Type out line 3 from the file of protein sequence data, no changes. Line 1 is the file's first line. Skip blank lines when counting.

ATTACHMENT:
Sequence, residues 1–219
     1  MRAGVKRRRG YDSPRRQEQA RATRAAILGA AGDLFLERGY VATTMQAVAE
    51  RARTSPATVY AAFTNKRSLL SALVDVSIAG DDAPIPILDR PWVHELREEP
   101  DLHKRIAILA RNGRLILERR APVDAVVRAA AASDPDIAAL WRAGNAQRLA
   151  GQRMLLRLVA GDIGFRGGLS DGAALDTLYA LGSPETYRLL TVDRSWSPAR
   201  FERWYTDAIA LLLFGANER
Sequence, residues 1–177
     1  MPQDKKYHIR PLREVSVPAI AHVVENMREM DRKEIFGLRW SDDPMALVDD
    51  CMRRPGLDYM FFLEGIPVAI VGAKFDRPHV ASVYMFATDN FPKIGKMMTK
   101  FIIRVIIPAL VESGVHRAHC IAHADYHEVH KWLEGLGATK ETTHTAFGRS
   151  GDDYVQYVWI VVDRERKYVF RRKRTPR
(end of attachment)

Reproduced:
    51  RARTSPATVY AAFTNKRSLL SALVDVSIAG DDAPIPILDR PWVHELREEP